A final notable feature of the Strategy is that there is only slight provision for emissions reductions on the demand side. Minimal behavioural change is envisioned, and throughout the strategy there is reliance emerging technologies such as CCUS and the increased use of hydrogen in, for example, steelmaking. The Strategy minimises the efforts that will need to be made by individuals for the NZ target to be met. As noted by the CCC in its independent assessment, the Strategy does not address issues such as the role of diets, or of limiting the growth of aviation demand until sustainable fuels become more prevalent. While this may be a politically more palatable and reassuring approach for the electorate, it does leave the Government with less wiggle room if the ambitious technological advantages envisaged by the Strategy do not pan out as planned.
The Net Zero Strategy is clearly an ambitious and comprehensive document. It sets out for the first time an economy-wide sectoral plan for how the target in s.1 CCA 2008 will be met, and for that reason it has been welcomed by bodies such as the CCC.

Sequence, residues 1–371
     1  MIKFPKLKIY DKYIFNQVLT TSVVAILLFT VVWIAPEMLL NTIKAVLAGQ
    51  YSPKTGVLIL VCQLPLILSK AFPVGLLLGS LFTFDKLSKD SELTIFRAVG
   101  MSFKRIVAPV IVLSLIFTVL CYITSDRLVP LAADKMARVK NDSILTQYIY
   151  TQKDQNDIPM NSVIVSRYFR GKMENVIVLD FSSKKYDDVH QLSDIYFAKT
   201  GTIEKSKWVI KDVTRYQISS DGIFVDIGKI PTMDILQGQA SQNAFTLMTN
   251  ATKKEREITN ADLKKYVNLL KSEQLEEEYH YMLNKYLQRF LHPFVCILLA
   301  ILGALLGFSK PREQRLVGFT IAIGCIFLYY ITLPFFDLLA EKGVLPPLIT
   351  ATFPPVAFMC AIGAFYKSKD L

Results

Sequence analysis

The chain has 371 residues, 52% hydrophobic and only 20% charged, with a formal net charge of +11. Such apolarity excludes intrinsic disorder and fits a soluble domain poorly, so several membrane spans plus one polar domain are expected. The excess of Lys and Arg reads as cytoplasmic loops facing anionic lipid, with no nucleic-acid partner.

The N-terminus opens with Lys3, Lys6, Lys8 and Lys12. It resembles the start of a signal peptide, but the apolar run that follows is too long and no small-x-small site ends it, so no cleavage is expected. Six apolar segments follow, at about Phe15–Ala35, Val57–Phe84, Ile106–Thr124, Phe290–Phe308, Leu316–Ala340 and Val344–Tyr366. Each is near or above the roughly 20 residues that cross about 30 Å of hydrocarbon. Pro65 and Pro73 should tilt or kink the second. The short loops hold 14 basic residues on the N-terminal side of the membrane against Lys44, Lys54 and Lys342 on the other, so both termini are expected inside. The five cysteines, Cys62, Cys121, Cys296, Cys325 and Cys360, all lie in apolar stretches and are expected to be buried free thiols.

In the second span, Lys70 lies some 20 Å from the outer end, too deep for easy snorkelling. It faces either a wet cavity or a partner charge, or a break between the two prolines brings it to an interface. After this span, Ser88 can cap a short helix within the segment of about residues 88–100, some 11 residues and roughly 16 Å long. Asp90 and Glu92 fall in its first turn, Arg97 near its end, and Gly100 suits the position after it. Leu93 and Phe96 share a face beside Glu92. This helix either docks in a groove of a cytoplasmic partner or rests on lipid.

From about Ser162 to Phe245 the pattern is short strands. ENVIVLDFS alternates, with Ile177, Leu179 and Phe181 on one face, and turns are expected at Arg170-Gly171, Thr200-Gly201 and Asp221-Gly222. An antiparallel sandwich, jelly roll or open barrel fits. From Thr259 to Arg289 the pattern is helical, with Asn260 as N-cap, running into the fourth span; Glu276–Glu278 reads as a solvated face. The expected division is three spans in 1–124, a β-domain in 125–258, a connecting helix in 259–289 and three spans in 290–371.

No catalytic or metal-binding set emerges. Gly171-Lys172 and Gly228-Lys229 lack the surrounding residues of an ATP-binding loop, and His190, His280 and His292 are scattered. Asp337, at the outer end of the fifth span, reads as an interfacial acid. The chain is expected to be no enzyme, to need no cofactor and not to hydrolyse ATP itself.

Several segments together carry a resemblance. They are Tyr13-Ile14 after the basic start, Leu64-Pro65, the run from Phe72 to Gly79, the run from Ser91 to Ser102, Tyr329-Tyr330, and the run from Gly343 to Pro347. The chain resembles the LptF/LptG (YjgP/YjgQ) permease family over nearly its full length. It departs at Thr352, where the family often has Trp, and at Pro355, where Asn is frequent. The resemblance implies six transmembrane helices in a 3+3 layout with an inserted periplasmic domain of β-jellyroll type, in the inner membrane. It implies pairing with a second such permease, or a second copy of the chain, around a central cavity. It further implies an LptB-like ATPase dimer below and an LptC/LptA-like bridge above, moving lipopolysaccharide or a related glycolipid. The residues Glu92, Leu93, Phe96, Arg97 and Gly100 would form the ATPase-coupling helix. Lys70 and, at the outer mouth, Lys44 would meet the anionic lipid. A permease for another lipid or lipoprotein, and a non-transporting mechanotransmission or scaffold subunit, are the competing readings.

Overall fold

The Strategy is, however, exactly that: a strategy. It is one of a long line of strategy and policy documents setting out how the Government can, should or will seek to meet its Net Zero target. Focus clearly now needs to shift to delivery. The exact means by which that delivery will occur is left somewhat up in the air. Hopefully, given the recent warnings of the IPCC and the UN Secretary General, where we land by 2050 will not be too far off the Prime Minister’s utopian vision.
Flora Curtis is a barrister at Francis Taylor Building specialising in environmental, public and planning law.